Yet, while all of them may not be involved in Japa as a verb, they are all victims of the phenomenon that makes Japa into a noun. Chris Ayokwu speaks of these as including “youth unemployment, stagflation, insecurity, institutionalised corruption, and leadership deficit (which) have all conspired to create a dystopian maelstrom of sorts, a rapacious vortex into which young dreams are sucked and meaning is blanched from existence.… there is absolutely nothing that inspires hope wherever one turns.”
Japa is thus what happens when government becomes a relay race between a succession of dream killers. The Europeans tend to see it as economic migration or as applicable to people who leave the country under economic duress. But not everyone who leaves the country necessarily does Japa. From the USA, former president of the Inter-American Commission of Human Rights, Professor Tom Farer, uses the expression, “migrants” for “all persons from the Global South seeking to enter the rich liberal capitalist states or, having already entered, who remain without a valid visa.”
In many ways, the Euro-American default to the notion of “economic migration” to describe the push factors implicated in Japa does injustice to the subject matter and to its inherently complex character. For every push factor in places like Nigeria, there are pull factors from the countries of the Global North.
People like David Livingstone, Henry Morton Stanley, and Mungo Park malingered and rampaged all over Africa in the age of Queen Victoria claiming to “discover” communities and landmarks long inhabited by settled populations. Today, despite harder borders everywhere, folks from the Global South are paying back under equally trying conditions. The comparisons are impressive.
When Livingstone and his generation of prejudiced predators were doing their thing, they claimed a civilizational calling. Today, the young people from the Global South doing the same equally lay claim to existential missions that are no less compelling. From providing ample reproductive indulgences to redress negative population growth in places like Italy; to reversing skill deficits in places like the United Kingdom; or a mix of both as in Canada; many of the exponents of Japa today are able to marry their search for a future with the desire to fulfil a larger purpose.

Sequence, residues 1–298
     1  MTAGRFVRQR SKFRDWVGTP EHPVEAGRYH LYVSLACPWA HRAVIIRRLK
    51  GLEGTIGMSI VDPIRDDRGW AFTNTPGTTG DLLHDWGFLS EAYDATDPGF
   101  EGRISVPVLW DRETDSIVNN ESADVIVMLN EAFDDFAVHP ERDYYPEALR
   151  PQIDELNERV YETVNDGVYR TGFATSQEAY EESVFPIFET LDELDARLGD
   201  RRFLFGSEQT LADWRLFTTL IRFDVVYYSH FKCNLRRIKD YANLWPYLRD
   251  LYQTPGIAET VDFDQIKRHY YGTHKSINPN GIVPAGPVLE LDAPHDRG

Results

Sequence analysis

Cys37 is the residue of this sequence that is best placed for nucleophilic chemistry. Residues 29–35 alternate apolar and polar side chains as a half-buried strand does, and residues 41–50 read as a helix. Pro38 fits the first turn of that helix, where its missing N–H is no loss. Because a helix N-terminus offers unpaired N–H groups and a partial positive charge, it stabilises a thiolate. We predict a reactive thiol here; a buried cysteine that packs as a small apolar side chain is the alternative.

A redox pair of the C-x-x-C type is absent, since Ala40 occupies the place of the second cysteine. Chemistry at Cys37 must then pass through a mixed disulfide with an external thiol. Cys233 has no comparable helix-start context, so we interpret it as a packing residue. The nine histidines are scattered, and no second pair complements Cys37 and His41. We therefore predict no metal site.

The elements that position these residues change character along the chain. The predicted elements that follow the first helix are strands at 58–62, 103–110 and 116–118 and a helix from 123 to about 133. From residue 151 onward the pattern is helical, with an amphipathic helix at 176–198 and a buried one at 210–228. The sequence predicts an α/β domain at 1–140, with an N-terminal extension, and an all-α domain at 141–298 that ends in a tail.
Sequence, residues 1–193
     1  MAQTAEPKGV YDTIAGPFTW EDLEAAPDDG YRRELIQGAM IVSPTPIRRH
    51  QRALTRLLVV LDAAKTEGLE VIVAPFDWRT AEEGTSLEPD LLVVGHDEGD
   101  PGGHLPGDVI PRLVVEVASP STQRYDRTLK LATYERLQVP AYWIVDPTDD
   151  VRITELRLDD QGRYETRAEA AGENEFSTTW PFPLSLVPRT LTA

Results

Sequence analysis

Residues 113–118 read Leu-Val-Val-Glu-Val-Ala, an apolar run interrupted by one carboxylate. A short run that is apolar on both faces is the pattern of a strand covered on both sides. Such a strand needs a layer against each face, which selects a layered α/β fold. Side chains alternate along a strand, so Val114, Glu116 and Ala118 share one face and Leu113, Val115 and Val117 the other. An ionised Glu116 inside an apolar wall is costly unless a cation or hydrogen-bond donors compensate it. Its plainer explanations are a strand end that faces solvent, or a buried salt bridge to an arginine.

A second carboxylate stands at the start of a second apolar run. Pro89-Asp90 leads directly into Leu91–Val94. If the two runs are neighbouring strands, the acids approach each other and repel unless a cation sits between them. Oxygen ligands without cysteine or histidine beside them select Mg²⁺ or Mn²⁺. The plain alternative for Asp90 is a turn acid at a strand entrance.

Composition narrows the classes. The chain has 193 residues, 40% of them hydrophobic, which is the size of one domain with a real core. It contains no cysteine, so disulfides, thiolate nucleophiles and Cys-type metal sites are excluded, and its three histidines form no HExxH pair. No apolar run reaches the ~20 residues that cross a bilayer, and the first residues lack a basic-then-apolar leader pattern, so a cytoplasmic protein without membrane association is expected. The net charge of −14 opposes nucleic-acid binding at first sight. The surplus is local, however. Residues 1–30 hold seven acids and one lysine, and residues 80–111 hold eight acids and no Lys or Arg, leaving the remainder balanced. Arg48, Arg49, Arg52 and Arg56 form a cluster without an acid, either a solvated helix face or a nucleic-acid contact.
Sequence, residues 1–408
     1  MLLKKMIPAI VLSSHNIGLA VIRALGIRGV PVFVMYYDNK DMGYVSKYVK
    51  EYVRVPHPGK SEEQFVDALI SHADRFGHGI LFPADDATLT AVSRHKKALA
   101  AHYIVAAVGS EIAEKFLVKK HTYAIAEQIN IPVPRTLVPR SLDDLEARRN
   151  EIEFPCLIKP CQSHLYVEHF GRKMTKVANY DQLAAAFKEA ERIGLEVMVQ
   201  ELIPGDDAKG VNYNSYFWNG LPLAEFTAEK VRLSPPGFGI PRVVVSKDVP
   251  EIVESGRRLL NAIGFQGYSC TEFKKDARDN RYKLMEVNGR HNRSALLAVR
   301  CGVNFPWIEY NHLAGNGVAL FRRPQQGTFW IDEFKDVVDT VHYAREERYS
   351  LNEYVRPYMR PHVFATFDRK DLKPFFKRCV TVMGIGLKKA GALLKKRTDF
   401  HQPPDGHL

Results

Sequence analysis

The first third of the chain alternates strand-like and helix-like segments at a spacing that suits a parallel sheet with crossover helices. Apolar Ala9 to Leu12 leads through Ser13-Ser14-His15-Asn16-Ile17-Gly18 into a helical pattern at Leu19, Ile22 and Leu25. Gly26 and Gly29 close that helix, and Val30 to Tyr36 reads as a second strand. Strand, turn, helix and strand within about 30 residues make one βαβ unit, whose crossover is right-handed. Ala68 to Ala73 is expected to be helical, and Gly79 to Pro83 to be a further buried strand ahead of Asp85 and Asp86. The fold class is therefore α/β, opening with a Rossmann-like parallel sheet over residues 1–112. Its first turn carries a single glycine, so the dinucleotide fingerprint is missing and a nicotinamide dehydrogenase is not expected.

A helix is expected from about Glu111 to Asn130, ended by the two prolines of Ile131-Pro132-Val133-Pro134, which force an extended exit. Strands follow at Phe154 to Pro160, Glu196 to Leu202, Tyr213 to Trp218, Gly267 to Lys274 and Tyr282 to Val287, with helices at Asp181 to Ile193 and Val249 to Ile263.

Take the United Kingdom, for instance: as the consequences of Brexit have become stark, the UK has in the past year begun to look to the Commonwealth, including Nigeria, for such basic skills as truck drivers and teachers. Despite COVID-19 or because of it, in three years between 2019 to 2022, Nigeria exported nearly 4,500 nurses to the United Kingdom. Over a six month period alone in 2022, this export of Nigerian nurses to the UK rose by over 25%. This does not include Nigerian professionals originally trained in other disciplines who retrained in the United Kingdom in order to become nurses. Despite negative reputations for crime, Nigeria is even busy exporting priests and pastors to the countries who claim to have first brought Christianity to its peoples.
For the host countries in the Global North, they get the benefit of educated work force on the cheap. For those who choose to partake in Japa, it is an opportunity to explore a world bereft of the man-made stratifications and glass-ceilings that define being Nigerian. The opportunity cost for many is the initial artisanalisation of otherwise highly skilled professionals. It can come with additional costs in terms of dignity, mental health, overall well-being or, in some cases, even life. It is a chance they are willing to take; the price paid by successive generations for congenital failures of national leadership.
As Nigeria prepares for a seminal vote in 2023, one surprise is that Japa is not getting more attention as a political issue. A country being emptied of its most talented has to worry for its long term sustainability. Politicians can work to diminish the appeal of Japa as verb by addressing those things that give resonance to the noun. For the young people in particular, one question may be important: what would you think of a politician who promises to make the country too attractive for Japa?
A lawyer and a teacher, Odinkalu can be reached at firstname.lastname@example.org